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Thanksgiving Mailbag on an interesting question posed by @The_Cooler for The Putback:
When is the honeymoon over for Leon Rose? This roster is poorly constructed. Especially at C and PG. Built around guys who are always hurt.
My first thought when I read the question: How do you define honeymoon?
I’ve been married for a few years and if you asked me, I’d say I’m still in the honeymoon phase. My wife would strongly disagree.
For NBA front offices, is the honeymoon one offseason?
Two offseasons and three trade deadlines?
Is it longer than that?
Rose has been running the Knicks, officially, for two offseasons, two NBA drafts and one trade deadline. (NYK was taking unofficial cues from Rose at 2020 deadline.)
I think, given the context of Rose’s tenure, you wait to see how the 2021-22 season plays out until you start to pass firm judgement on his body of work.
Before the 2020-21 season started, no one outside of the Knicks’ Tarrytown practice facility thought that they would be a playoff team.
Tom Thibodeau, Julius Randle and the group far exceeded expectations. They earned the fourth seed in the Eastern Conference and lost in the first round to the Atlanta Hawks. The series loss exposed holes in the roster.
In essence, the Knicks seemed to bet that Walker and Fournier could boost the offense and, as a team, the defense would be adequate enough to win games.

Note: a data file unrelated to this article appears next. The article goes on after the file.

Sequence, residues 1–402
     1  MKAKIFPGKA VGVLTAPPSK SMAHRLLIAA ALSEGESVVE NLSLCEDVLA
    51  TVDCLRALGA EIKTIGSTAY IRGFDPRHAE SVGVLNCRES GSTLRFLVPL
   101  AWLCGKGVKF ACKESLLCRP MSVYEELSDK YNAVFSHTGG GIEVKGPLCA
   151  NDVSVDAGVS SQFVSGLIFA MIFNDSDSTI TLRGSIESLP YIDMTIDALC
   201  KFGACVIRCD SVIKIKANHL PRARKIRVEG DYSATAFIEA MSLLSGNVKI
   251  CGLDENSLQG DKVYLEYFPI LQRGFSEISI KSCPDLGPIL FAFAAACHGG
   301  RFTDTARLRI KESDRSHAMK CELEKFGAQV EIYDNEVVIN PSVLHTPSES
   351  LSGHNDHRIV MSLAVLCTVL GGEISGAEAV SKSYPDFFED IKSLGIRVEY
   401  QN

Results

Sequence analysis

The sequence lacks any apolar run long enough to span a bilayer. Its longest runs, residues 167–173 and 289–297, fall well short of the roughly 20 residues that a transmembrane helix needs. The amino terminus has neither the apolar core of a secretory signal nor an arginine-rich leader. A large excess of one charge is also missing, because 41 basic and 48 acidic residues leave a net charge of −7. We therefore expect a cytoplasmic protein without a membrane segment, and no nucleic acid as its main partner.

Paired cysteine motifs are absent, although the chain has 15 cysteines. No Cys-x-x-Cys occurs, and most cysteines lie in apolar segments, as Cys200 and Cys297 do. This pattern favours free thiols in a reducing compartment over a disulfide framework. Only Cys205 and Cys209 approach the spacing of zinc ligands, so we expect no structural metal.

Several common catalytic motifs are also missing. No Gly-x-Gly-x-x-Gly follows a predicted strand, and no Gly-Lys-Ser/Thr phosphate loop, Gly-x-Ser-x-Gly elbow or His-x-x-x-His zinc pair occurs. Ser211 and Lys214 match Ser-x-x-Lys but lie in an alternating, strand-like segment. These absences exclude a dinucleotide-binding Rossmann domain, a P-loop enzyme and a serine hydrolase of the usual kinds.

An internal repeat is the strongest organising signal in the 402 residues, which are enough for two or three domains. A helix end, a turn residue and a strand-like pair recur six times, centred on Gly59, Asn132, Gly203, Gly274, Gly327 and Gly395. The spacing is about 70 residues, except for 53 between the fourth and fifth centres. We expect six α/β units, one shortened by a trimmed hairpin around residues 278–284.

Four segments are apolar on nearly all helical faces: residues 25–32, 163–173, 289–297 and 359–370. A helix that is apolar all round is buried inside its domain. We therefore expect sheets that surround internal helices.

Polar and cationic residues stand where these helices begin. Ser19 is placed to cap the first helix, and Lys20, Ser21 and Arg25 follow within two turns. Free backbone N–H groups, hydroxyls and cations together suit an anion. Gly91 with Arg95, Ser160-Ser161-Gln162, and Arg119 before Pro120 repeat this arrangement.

So far, the results have been mostly bad. But the starting unit has shown some signs of life recently.
Could the Knicks be in a better spot at this point if they signed Lonzo Ball? DeMar DeRozan? Probably.
But I think you look at the big picture at the end of the year before firmly judging the moves.
Of course, if the 2021-22 Knicks win 37 games and miss the playoffs, Rose and his group will take criticism from the fan base -- and maybe ownership? There will be external pressure to turn things around quickly in 2022-23.
But we’re not there yet. We’re roughly a quarter of the way through a long season.
So I think you have to wait and see where New York is at the end of the year before you start to make any broad judgements on Rose and company.
** That doesn’t mean that the Knicks’ 2021 offseason shouldn’t be scrutinized until the end of the season. It’s fair -- and healthy -- to look at every decision with critical eye throughout the year.
** I tend to take a long view on transactions, maybe to a fault. I’ve said for two years that it’s too early to fully judge the Kristaps Porzingis trade -- and I still feel that way.